Hot Topic!

Placement Cases
Updated: Apr 2007

Placement cases are defined as cases where a person is released on parole and has no viable address to which they can be paroled. So, essentially they are homeless.

  1. How does your state handle placement cases?

Provincial parole does not allow for no fixed address (NFA). - Lori Santamaria

In our area, they end up at one of the shelters. Which can be a problem with sex offenders because a lot of times the shelters also admit families with children. Been fighting this for years, but to no avail... - Steve Criss

  1. Each County has a community resource directory that lists locations that accept homeless cases.
  2. Also, we have faith-based programs that assist in placement
  3. Most recently, we rec'd funding from our legislature for transitional housing (faith based)
The real problem we have is sex offenders, almost no one wants these cases, and so we sometimes have to relocate the offender around the state to a location that will accept them. - Joseph Papy

Idaho has been given transition funds by the legislature to pay rent and other related expenses for up to 90 days. Shelli Rael of our department is the contact person. - Shelli Rael,

Parolees stay incarcerated until they come up with a viable home or employment plan. They may apply to go to a halfway house - which may or may not accept them if they have no ties to that community (this is often the rejection statement from the halfway house). The officer, once they have come up with a home plan, a parole officer will assist them in finding employment. If after 90 days, they are still without a plan, they go back before the board and will resend the decision or vote to have the parole stand and the institutional parole officer will assist with a release plan in an effort to exhaust all avenues. No one is released without a place to live. - Mark A. Mays, (502)564-4221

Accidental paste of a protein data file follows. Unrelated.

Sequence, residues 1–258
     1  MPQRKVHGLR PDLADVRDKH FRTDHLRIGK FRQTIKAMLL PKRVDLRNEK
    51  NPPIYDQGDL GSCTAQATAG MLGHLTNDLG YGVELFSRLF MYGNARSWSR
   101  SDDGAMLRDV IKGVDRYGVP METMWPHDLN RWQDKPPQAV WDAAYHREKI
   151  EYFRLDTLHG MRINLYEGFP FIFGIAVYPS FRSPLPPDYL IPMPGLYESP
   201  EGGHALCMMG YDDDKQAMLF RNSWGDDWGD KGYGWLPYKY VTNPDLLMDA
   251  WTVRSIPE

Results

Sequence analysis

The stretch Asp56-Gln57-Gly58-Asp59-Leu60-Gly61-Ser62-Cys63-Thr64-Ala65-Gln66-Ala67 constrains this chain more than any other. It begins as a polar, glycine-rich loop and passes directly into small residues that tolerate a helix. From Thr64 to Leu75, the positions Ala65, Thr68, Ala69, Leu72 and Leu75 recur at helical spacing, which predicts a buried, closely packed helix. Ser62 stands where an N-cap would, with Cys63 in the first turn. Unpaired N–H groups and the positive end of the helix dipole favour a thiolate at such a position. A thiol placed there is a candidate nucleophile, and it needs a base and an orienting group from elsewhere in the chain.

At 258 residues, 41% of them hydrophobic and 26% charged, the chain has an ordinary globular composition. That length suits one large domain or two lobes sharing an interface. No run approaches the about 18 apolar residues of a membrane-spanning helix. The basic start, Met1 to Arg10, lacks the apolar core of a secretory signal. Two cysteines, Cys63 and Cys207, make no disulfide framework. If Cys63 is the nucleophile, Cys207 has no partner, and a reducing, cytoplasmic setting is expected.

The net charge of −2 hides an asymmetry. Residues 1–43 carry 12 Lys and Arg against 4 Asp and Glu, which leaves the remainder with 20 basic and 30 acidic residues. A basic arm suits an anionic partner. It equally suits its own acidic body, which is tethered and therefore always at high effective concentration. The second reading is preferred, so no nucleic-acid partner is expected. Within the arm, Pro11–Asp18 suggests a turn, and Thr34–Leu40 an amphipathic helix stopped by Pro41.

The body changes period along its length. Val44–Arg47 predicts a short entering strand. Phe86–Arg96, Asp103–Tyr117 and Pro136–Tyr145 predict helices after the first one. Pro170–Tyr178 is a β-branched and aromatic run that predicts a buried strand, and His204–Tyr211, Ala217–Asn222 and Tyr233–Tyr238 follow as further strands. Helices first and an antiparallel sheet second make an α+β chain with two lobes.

The Kentucky Department of Corrections contracts with halfway houses and community corrections centers to provide home placements for parolees who have no acceptable living arrangements and are not employed upon release. - Sheryl Fisher,

In Massachusetts we have different halfway homes where they must stay. A parolee is never released with out some were to live - Jim Alves,

These cases are referred to as "commercial placement" cases in Michigan and there are some areas of the state that have facilitated placement on a temporary basis. Usually our parolees are given a loan to assist in this transition which is short term until they locate employment. - Robert C. Steinman,

Offender Housing is one of the primary problems that MN. DOC faces at present. With a very tight housing market in the twin cities area along with declining budgets, there is a very serious lack of residential resources available for offenders at the time of their supervised release. The MN. DOC does not own or operate any residential release facilities/beds. We contract with private non-profit ½ way houses for offender placement at release. MN has a determinate sentencing system so an offender walks out of prison on a specific date regardless if they have a place to go or not and there hasn't been a residential bed increase in the last 15 years due to very strict zoning laws. Needless to say our release resources for housing are in dire straits. Because of a very limited budget, only the very highest risk offenders who fail to have any place to go are eligible to be housed, if there is even a bed available. The rest go to county shelters which are soon to reach capacity causing, I suspect, future release plans to have absolutely no address to report, basically to the street. - Jeff Peterson,